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Discussion Starter · #1 ·

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Yup --got 1 from the owner at the last Detroit WW show -- probably 4 years ago. Used it for 3 years before sending it back to get sharpened. The 40 tooth cuts like a 60 and the 60 cuts like an 80.

I have cut (I have a 40 tooth) boards and glued them up with no jointing.

Plus they're made close to the USA -- New Jersey.
 

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I have enough for the moment Don but I'm interested for down the road. Plus I often change from rip to crosscut but that Ridge blade might eliminate that need.
 
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You can also buy from Ridge Carbide direct. Go to their website and get on the email list and watch for a sale.
 

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New Jersey -- now that's funny. I have some friends that swear by the Ridge blades. My personal preference is Forrest but that's just me. Some things Woodpecker makes I would love to have but I'm a cheapskate and they think a lot of their stuff. What I do have is very well machined and suited to it's purpose. (bought at shows where the price was more reasonable.) I've got a couple of their etched rules that have survived for at least 20 years and my old eyes can still read them.
 

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Discussion Starter · #10 ·
It's nice to be able to hear from actual users, and that I know for sure are actual users and not shills. That blade is sounding pretty promising and the brand in general.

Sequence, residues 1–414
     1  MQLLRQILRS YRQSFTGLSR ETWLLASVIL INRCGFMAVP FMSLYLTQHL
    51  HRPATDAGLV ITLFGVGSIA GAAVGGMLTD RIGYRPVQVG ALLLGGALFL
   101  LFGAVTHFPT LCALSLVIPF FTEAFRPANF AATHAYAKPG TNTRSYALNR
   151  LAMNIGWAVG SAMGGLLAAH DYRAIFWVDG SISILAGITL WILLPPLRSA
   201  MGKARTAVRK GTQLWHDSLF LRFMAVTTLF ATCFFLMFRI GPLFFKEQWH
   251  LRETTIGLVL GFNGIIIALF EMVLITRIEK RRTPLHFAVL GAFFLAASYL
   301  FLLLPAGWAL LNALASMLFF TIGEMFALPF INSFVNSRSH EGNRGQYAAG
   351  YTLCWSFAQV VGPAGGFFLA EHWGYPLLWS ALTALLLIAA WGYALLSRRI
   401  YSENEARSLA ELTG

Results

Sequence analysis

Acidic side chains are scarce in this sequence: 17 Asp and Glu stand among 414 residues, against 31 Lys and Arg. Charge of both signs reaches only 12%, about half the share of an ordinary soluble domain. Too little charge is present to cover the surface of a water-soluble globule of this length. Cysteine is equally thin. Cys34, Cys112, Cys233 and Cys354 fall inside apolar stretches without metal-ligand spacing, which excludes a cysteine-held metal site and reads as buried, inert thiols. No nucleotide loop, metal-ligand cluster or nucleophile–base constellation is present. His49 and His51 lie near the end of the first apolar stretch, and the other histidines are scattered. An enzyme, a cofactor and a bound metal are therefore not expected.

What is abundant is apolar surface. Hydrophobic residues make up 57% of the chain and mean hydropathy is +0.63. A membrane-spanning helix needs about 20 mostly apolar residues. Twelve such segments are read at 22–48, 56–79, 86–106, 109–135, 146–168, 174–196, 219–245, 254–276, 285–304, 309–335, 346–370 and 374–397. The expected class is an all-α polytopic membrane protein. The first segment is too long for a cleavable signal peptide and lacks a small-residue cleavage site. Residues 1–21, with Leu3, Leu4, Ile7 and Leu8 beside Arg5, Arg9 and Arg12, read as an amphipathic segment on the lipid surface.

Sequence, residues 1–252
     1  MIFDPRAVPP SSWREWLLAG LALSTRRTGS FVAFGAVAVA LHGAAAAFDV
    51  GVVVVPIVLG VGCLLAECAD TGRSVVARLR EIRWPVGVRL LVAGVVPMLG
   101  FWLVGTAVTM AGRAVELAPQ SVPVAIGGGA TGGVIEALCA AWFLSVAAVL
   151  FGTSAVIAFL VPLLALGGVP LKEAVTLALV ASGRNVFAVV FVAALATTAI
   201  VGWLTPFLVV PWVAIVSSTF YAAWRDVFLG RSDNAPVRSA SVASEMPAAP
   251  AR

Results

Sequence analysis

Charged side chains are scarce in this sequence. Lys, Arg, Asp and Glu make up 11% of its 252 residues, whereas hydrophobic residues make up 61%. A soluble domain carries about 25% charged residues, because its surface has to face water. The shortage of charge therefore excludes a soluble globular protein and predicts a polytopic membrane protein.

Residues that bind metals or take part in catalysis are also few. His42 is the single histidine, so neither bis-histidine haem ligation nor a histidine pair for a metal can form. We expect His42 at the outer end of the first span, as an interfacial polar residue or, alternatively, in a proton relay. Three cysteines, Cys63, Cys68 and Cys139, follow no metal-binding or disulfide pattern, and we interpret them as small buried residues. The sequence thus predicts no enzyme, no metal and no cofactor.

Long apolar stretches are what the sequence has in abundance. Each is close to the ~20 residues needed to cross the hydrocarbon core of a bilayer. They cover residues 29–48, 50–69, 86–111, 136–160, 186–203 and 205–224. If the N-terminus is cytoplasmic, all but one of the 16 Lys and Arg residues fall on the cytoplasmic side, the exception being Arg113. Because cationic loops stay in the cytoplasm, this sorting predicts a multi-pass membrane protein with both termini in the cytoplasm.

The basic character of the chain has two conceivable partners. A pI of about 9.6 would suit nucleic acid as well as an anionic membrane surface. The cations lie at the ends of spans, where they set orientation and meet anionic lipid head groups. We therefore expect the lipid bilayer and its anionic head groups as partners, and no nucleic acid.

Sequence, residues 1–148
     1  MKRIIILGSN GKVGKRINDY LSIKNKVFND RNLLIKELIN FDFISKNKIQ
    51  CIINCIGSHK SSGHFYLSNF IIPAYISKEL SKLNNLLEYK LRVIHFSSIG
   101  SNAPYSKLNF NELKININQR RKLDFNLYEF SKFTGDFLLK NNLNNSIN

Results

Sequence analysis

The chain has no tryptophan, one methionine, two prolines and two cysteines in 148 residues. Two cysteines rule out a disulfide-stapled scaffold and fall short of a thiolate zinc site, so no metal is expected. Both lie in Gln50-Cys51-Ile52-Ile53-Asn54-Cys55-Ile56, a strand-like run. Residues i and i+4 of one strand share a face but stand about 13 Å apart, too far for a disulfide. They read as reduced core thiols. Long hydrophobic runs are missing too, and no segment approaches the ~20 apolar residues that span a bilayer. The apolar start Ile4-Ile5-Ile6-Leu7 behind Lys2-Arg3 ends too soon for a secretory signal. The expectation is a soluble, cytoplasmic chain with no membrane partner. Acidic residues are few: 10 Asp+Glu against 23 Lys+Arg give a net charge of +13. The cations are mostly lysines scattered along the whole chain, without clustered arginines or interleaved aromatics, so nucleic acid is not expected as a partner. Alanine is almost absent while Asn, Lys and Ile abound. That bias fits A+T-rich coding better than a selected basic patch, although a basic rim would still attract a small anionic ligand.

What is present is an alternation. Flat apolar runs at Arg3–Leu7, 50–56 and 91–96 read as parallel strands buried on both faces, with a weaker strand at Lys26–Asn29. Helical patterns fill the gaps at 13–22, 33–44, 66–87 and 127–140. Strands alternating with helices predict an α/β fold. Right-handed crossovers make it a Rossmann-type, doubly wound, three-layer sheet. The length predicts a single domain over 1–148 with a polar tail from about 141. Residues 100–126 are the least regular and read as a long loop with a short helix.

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Good replies but how about compared to Forest blades?
Forest blades are an excellent choice as well. Its apples to apples IMHO. Both mfg's as well as several others (Freud, Infinity ect. ) make top shelf blades with varying price points, which in many cases in the only distinguishable difference by most wood workers. While Ridge has a very limited line-up, Forest/Freud and others offer a complete line-up with blade configurations specifically targeted at specific tasks. Rip/Cross-cut/glue-line etc....

I would think that if you're a blade changer (which I am not) having an assortment of configurations and geometries would be the way to go. Having the correct blade configuration for a specific task is ideal. If your not a blade changer then having a really good one stop shop blade makes sense to me. I'm somewhere in the middle there. The only problem is when I put in my Ridge or Freud I tend to leave them in the saw, they work that well. :)

No doubt others will have had different experiences and opinions on the matter
 

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Discussion Starter · #13 ·
Most of the time I have a utility rip blade on. It works for most jobs. Usually a thin rim one to save wood. I have a glue line Freud thick rip on now. I just finished making some trim molding and I didn't want to joint them or sand very much. It was pricier than most of my other blades and it wastes a lot of wood so it's time to take it back off. I do and will always switch over to melamine blades and fine finish crosscuts when the situation requires it.

Having one that does both good rips and pretty good crosscuts would save me time when working in solid woods so switching to that blade when I need to replace the ones I have now seems worth trying and I have been hearing good things about both Ridge and Tenryu but wanted to hear from people I know are actual users. Seeing Woodpecker selling the Ridge stimulated my curiosity to ask. Woodpeckers tools are good quality, albeit over pricey, so I couldn't see them recommending a blade that didn't match those standards.
 
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